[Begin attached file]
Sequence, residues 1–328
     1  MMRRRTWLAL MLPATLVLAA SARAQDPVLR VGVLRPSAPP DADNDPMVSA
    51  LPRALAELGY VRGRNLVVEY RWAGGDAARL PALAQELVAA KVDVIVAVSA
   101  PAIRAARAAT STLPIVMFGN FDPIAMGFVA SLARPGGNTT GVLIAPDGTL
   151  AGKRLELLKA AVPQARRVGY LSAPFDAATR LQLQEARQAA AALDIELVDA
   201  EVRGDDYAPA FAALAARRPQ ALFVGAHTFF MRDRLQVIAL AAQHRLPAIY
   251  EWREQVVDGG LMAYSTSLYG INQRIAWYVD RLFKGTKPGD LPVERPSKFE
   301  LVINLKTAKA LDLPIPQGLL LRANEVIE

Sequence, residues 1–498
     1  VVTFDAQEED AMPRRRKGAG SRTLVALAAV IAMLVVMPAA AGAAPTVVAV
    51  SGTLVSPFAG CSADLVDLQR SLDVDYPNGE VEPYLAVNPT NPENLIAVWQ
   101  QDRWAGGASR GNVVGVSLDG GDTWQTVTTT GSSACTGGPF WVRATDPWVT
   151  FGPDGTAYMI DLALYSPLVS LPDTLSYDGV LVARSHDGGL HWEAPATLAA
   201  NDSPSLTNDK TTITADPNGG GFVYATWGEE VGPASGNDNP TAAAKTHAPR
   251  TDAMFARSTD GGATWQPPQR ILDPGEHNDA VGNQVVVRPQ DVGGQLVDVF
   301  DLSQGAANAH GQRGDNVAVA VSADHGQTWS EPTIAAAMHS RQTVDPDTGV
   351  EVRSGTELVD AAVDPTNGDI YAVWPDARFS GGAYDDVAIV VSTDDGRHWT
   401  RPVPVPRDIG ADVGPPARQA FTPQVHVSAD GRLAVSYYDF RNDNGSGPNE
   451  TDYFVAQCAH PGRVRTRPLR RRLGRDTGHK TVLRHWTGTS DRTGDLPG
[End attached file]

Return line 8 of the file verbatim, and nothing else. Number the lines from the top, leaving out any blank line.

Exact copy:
   301  LVINLKTAKA LDLPIPQGLL LRANEVIE